II. Antecedents and Context [page 8]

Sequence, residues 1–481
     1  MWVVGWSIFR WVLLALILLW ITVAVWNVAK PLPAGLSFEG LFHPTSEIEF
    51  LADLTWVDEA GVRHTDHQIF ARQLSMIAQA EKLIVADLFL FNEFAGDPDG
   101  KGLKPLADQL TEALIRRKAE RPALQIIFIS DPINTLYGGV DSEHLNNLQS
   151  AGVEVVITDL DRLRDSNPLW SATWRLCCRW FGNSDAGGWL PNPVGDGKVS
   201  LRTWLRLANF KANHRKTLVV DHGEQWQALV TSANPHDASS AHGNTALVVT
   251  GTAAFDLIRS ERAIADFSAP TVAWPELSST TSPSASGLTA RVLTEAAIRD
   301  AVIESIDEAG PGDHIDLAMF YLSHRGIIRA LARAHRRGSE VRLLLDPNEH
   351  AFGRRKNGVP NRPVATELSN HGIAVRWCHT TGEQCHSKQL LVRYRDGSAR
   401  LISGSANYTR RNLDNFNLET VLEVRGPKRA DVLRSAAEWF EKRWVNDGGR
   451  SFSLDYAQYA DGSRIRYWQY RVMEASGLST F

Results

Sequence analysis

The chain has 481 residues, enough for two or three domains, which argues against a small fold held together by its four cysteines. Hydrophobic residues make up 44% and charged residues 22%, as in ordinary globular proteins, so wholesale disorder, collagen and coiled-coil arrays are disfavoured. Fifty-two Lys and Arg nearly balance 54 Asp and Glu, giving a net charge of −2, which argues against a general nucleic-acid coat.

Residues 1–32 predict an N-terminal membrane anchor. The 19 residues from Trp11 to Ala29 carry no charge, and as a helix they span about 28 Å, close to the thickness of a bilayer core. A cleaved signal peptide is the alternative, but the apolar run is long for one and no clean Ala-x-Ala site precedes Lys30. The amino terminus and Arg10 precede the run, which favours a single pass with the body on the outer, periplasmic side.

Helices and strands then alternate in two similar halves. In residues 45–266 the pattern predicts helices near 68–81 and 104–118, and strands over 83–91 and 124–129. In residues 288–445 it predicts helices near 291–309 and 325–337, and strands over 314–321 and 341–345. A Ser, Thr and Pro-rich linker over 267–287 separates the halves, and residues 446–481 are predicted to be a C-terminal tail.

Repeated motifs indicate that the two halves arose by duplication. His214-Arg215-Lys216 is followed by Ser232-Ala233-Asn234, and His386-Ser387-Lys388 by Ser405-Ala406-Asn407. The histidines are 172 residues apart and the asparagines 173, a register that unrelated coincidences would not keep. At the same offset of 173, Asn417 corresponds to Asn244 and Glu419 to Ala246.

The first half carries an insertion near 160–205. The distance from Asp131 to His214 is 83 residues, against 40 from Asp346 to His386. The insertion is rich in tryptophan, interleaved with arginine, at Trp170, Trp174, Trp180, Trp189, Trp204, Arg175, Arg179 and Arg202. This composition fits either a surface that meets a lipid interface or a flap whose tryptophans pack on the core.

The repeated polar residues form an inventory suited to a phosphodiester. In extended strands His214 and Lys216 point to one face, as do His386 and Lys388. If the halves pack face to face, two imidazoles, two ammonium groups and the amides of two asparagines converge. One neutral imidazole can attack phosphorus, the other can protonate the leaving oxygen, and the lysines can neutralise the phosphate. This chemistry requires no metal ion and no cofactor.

Within the framework of the United Nations, it is necessary to mention the 2030 Agenda for Sustainable Development approved by Resolution 70/1 of the United Nations General Assembly (UNGA) on September 25, 2015. This Resolution, of universal nature, marks the objectives of social, economic, and environmental nature in order to achieve 17 Sustainable Development Goals (SDG) with its 169 associated targets by the year 2030. Specifically, its paragraph 67 includes an explicit mention, within the framework of the promotion of a dynamic and efficient business sector, to the Guiding Principles on Business and Human Rights, a concept that is reinforced in the Resolution 70/224 of December 22, 2015 on global partnerships. On the other hand, the Addis Ababa Action Agenda, approved by Resolution 69/313 of the UNGA on July 27, 2015, which is incorporated into the 2030 Agenda itself as means of implementation, also includes in its paragraph 37 mention of the Guiding Principles. The 2030 Agenda invites companies to align their corporate business strategy with the development goals to seek the added value these goals can bring in developing countries, therefore the SDGs are a perfect framework. Companies understand that, in parallel to obtaining benefits, they must respond to the demands of society and build trust as a development actor. Through the local networks of the Global Compact, a development agenda can be built in the business environment. From Spanish cooperation (SC), progress can be made in the mainstreaming of development objectives in business agendas to achieve impacts in sustainable development. On the other hand, the Madrid Declaration “The social economy, a business model for the future of Europe”, signed by representatives of 11 EU member States on May 23, 2017, reaffirms the commitment of the signatories to the SDGs.